Sue and Martin above Zermatt - 2018

Sue and Martin above Zermatt - 2018

Wednesday, 26 June 2019

Pyrenees HRP - 2004 - Prologue


Sue and Martin's Big Adventure
Prologue
In 2004 I left my job and Sue took a six month sabbatical. I'd already walked the central section of the Haute Route Pyrenées (HRP) in three separate trips, from Lescun to Andorra, in 1990, 1993 and 1994. My ambition was to walk the entire route, which follows the border between France and Spain in the High Pyrenees between the Atlantic and the Mediterranean, in one trip. It would take us about eight weeks; flights were booked, leaving home on 24 July and returning on 21 September. Julie Brown was organised to join us for the section from Gavarnie.

Whilst my subsequent
GR10 (France) and GR11 (Spain) traverses of the Pyrenees were recorded on these pages, the HRP trip preceded 'Postcard from Timperley'. We did however record our passage by way of a rudimentary sort of 'blog'. That involved sending a daily text message to my daughter Kate, who periodically entered the text into a spreadsheet that was published on topwalks.com. That spreadsheet is still on the website, as is the summary of the trip that was transcribed from the postcards we sent whenever we had the opportunity.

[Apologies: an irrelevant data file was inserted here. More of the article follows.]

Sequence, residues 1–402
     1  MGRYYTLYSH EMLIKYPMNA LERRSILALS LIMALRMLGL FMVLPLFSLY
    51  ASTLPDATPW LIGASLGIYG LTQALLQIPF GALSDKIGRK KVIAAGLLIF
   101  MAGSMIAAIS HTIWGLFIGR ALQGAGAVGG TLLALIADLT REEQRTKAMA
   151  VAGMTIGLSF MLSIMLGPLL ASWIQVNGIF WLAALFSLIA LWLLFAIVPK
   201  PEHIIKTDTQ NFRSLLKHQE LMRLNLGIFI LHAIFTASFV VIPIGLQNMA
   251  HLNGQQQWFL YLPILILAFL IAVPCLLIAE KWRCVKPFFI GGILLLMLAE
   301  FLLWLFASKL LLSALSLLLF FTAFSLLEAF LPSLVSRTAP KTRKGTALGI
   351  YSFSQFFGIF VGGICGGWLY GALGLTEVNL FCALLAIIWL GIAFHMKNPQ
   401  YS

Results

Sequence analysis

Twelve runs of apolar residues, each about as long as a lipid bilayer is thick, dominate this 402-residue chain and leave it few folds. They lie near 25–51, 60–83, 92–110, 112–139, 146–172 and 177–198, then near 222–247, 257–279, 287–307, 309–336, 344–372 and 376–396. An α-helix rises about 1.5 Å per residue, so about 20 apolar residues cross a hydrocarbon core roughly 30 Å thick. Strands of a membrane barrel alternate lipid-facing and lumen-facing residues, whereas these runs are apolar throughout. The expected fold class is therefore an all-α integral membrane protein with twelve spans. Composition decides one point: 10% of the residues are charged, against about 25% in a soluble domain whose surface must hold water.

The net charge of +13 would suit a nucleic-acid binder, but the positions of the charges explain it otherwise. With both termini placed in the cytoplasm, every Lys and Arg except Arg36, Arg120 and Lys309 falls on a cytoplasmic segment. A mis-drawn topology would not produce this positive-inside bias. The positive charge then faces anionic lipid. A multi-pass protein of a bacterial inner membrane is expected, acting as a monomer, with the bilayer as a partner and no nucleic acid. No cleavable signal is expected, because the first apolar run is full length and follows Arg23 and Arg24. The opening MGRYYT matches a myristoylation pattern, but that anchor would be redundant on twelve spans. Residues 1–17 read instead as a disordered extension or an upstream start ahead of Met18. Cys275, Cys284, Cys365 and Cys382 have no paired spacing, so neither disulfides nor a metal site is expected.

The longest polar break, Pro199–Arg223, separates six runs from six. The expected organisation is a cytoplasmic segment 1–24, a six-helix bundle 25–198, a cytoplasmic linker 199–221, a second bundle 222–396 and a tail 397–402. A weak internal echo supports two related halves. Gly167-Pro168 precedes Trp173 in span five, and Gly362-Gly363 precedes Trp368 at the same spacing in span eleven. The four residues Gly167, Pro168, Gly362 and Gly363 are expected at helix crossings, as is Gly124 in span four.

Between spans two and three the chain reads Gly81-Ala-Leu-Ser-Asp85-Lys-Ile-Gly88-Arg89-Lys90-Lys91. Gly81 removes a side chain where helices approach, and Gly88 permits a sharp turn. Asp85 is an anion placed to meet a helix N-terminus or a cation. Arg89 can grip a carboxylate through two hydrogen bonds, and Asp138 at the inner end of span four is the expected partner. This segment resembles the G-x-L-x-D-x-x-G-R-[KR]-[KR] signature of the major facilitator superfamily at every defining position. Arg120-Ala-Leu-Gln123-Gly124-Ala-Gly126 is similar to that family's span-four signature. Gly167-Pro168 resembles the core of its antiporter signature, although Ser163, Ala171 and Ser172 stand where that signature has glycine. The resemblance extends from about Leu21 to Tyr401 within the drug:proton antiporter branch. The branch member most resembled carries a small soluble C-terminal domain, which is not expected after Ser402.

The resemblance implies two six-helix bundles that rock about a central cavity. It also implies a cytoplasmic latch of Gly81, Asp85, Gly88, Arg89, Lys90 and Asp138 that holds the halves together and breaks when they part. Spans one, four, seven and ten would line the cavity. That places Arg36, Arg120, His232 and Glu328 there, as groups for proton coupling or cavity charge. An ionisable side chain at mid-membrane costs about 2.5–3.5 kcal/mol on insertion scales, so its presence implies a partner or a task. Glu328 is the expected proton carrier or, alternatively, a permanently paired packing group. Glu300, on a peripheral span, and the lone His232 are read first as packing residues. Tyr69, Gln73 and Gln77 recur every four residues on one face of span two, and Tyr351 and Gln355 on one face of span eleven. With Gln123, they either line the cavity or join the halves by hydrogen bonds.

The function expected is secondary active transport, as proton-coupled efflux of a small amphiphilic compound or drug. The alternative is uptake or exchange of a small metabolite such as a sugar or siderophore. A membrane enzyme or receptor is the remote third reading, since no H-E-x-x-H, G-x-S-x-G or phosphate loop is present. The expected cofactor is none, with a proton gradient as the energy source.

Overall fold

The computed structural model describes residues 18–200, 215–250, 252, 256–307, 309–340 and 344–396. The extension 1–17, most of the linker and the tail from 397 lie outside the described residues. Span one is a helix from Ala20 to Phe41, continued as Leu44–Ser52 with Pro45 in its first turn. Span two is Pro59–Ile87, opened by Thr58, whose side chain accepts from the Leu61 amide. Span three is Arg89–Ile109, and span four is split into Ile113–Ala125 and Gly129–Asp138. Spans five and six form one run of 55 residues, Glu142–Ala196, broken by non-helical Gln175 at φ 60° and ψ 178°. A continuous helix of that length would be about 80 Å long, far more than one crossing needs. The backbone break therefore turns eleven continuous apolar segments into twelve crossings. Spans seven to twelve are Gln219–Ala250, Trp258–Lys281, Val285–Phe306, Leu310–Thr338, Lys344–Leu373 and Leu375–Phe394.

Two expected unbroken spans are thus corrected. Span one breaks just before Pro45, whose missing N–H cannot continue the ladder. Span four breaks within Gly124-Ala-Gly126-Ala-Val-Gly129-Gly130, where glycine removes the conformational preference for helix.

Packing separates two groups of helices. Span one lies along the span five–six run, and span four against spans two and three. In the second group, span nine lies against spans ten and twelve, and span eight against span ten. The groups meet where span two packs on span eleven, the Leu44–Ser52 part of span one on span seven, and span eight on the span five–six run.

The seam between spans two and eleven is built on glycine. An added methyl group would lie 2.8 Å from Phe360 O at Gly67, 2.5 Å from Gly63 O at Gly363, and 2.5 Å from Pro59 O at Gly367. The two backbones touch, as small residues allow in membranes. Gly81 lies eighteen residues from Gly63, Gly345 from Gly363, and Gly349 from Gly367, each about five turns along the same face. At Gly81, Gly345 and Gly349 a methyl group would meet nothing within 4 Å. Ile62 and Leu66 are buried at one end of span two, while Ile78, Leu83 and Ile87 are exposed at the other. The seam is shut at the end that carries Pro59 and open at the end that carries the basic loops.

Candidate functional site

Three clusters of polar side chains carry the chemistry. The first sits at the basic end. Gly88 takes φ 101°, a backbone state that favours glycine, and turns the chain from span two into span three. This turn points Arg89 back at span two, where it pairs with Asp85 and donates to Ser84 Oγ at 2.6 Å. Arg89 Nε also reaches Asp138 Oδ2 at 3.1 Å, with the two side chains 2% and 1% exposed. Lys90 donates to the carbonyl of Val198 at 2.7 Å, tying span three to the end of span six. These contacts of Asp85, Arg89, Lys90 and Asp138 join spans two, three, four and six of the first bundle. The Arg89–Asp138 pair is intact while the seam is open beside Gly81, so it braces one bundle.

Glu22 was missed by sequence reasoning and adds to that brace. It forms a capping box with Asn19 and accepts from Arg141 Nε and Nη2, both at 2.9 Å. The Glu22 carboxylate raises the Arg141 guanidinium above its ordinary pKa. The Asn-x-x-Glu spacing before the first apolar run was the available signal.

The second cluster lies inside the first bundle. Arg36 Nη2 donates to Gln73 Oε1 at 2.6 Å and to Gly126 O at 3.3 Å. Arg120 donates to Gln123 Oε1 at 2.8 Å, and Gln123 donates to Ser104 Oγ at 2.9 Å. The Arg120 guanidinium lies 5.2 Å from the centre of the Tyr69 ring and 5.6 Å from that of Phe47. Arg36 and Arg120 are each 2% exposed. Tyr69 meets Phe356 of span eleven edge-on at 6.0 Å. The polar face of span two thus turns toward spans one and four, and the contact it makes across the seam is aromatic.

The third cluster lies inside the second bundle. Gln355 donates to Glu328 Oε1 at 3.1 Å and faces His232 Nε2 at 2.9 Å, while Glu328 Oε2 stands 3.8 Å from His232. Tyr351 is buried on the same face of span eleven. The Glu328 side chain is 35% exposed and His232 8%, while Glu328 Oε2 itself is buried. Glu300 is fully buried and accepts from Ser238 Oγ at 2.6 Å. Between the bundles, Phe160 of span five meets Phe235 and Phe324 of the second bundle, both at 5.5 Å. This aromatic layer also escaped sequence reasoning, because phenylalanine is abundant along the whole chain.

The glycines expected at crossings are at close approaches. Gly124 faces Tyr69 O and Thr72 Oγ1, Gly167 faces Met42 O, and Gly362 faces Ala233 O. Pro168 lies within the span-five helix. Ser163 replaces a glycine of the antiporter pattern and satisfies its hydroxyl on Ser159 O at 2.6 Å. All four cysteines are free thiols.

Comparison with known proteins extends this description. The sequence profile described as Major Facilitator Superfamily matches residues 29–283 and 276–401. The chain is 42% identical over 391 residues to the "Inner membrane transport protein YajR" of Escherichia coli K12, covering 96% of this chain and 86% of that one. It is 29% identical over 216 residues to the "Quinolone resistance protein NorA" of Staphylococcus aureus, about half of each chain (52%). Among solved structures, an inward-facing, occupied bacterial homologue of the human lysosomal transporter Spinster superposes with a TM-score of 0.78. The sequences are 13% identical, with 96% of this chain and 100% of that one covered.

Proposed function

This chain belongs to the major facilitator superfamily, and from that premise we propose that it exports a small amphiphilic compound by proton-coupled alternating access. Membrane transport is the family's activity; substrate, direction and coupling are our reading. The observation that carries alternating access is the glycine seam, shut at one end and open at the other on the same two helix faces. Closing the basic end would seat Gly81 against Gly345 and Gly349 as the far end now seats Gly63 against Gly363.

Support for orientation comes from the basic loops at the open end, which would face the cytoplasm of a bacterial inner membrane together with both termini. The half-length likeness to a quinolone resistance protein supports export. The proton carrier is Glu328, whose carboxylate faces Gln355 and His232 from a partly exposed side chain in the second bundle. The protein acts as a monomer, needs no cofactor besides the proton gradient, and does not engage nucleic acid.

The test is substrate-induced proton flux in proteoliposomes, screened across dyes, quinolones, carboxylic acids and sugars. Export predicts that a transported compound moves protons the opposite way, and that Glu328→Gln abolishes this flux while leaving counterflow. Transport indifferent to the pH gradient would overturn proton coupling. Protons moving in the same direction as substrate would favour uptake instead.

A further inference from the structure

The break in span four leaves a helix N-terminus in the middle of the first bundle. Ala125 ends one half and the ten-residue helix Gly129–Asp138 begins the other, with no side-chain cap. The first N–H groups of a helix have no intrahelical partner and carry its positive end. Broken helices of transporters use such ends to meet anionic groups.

No charger was taken for the Nokia phone, and the battery was still going strong at the end of the trip!

This year, 2019, we have no 'big trip' planned, so I'm hoping to enjoy re-living the 2004 trip, which was the first time I'd been away  from home for more than four weeks, and only the second time I'd been away for more than two weeks - so recollections of that four week trip - in the mid 1970s - is another project.

So for the next few weeks or months, diary entries for our current activities may be interspersed with recollections under a 'Pyrenees 2004' label. You don't have to read them, and some of the entries may be a little tedious, but you are most welcome to share in my indulgence.

I'll be trying to insert some pictures - this was a pre-digital trip so we have negatives and CDs that we got at the time the Fujifilm was processed. I'll also add some route maps using more recently acquired Anquet and Viewranger software.


The picture shown above is of the Georges Véron definitive guide book published by West Col Publications in 1991, our 'bible' for this trip.

Tuesday, 25 June 2019

Monday 24 June 2019 - A Bike Ride - TPT/Cheshire Ring Circuit

 
Monday morning: = a bike ride.